Immunotherapy also called biologic therapy, is a type of cancer treatment that boosts the body's natural defenses to fight cancer. It uses substances made by the body or in a laboratory to improve or restore immune system function.
Cancer immunotherapy, due to its high anti-tumor efficacy, has attracted considerable attention globally from experts in various fields. However, immunotherapy could be severely toxic; not all patients may respond, thus requiring combination therapy. Therefore, a reasonable selection strategy for early treatment is urgently needed. It is vital to capture the dynamic, heterogeneous, and complex tumor behavior considering the absence of ideal companion biomarkers. Since tumor immune response involves tumor cells, several other cell types, and molecules in the tumor microenvironment, detection is very complex and variable. However, molecular imaging technology, namely the non-invasive whole-body molecular imaging by positron emission tomography and single-photon emission computed tomography, has shown considerable promise in tumor detection and cancer immunotherapy response. Identification of potential novel imaging biomarkers will allow a personalized treatment plan for every patient. Future imaging strategies for these molecules used alone or in combination or continuously, might help stratify patients before or during the early stages of immunotherapy, and might address the immunotherapy challenges encountered by the oncologists 1)
Immunotherapy may work by:
Stopping or slowing the growth of cancer cells
Stopping cancer from spreading to other parts of the body
Helping the immune system work better at destroying cancer cells
There are several types of immunotherapy, including:
Oncolytic virus therapy
The introduction of immunotherapy with immune checkpoint receptor blockade has changed the treatment of advanced cancers, at times inducing prolonged remission.
Emerging as the newest pillar of cancer treatment, with the potential to assume a place alongside surgical debulking, radiotherapy and chemotherapy. Early experiences with antitumor vaccines demonstrated the feasibility and potential efficacy of this approach and newer agents, such as immune checkpoint blocking antibodies and modern vaccine platforms, have ushered in a new era.
Patients who receive immunotherapy (IT) alone may have an increased rate of Radiation induced necrosis RN/treatment-related imaging changes (TRIC) compared with those who receive chemotherapy (CT) or targeted therapy (TT) alone after stereotactic radiosurgery, whereas receiving any CT may in fact be protective against RN/TRIC. As the use of immunotherapies increases, the rate of RN/TRIC may be expected to increase compared with rates in the chemotherapy era 2).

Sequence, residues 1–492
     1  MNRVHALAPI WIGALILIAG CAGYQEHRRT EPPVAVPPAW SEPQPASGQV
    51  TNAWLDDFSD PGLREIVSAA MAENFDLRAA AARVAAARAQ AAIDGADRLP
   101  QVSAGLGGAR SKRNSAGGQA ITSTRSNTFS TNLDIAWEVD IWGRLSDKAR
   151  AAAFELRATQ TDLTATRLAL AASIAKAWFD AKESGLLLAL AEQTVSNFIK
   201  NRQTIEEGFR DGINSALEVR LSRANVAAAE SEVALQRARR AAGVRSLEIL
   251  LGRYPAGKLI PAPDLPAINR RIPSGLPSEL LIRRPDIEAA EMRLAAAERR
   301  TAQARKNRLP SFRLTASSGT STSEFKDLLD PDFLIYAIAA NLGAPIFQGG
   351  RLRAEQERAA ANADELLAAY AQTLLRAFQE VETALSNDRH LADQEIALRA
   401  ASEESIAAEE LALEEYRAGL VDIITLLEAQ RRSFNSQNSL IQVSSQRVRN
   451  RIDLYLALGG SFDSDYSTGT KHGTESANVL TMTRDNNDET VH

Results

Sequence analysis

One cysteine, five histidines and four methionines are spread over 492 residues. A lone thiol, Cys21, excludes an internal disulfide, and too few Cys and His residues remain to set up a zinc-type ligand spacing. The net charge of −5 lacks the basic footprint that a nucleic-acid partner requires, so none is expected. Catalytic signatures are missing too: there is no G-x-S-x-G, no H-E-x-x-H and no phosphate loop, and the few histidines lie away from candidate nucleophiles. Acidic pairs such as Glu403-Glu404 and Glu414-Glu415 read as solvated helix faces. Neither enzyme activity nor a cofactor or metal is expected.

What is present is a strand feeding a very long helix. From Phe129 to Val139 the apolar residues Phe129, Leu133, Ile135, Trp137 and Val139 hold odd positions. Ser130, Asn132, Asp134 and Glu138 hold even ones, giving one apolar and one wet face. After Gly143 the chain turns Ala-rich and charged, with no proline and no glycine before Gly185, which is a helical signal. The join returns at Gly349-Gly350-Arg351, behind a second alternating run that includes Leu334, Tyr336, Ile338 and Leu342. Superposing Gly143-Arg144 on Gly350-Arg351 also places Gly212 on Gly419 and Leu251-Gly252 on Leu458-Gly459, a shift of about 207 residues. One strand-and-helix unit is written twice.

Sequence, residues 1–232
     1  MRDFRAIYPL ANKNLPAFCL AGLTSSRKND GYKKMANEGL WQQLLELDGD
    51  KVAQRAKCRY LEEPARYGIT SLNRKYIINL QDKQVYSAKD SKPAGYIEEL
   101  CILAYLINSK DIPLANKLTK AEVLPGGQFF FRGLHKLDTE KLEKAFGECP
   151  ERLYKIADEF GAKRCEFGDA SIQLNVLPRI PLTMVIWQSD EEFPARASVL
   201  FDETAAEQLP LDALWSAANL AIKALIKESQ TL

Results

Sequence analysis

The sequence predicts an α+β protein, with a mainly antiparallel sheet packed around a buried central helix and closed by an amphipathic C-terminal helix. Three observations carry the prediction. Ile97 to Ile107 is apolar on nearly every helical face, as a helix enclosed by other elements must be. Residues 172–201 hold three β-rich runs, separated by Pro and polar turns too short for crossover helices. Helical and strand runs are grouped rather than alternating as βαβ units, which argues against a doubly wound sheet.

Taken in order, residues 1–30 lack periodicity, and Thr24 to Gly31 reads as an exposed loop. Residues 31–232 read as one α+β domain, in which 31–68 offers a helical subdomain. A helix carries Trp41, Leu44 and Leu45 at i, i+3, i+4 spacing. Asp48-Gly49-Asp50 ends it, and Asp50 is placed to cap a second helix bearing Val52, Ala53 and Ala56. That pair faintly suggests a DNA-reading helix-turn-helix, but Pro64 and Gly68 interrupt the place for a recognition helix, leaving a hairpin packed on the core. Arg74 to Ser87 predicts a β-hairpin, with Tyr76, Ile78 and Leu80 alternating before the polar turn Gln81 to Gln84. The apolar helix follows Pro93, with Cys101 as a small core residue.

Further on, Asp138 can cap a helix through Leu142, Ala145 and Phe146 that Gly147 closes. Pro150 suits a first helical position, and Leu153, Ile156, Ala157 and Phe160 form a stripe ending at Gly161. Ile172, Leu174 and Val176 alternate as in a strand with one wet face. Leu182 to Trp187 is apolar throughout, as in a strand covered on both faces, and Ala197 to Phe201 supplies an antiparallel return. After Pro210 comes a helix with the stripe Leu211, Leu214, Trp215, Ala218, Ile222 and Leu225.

Immunotherapy (i.e. immune checkpoints inhibitors) showed a significant impact on the prognosis of patients with metastatic melanoma, also in the setting of patients with brain metastases. Despite various possible treatments, survival of patients with melanoma brain metastases is still unsatisfactory; new treatment modalities or combination of therapies need to be explored. Being immunotherapy and radiotherapy alone both efficient in the treatment of melanoma brain metastases, the combination of these two therapies seems logical. Moreover radiotherapy can improve the efficacy of immunotherapy and the immune system plays a relevant role in the action of radiotherapy. Preclinical data support this combination. Clinical data are more contradictory 3).
Immune checkpoint inhibitors (anti-CLTA-4 antibodies and anti-PD-1/PD-L1 antibodies) potentiate the host's own antitumor immune response. These immune checkpoint inhibitors have shown impressive clinical efficacy in advanced melanoma, metastatic kidney cancer, and metastatic non-small cell lung cancer (NSCLC)-all malignancies that frequently cause brain metastases. The immune response in the brain is highly regulated, challenging the treatment of brain metastases with immune-modulatory therapies. The immune microenvironment in brain metastases is active with a high density of tumor-infiltrating lymphocytes in certain patients and, therefore, may serve as a potential treatment target. However, clinical data of the efficacy of immune checkpoint inhibitors in brain metastases compared with extracranial metastases are limited, as most clinical trials with these new agents excluded patients with active brain metastases. In this article, we review the current scientific evidence of brain metastases biology with specific emphasis on inflammatory tumor microenvironment and the evolving state of clinical application of immune checkpoint inhibitors for patients with brain metastases 4).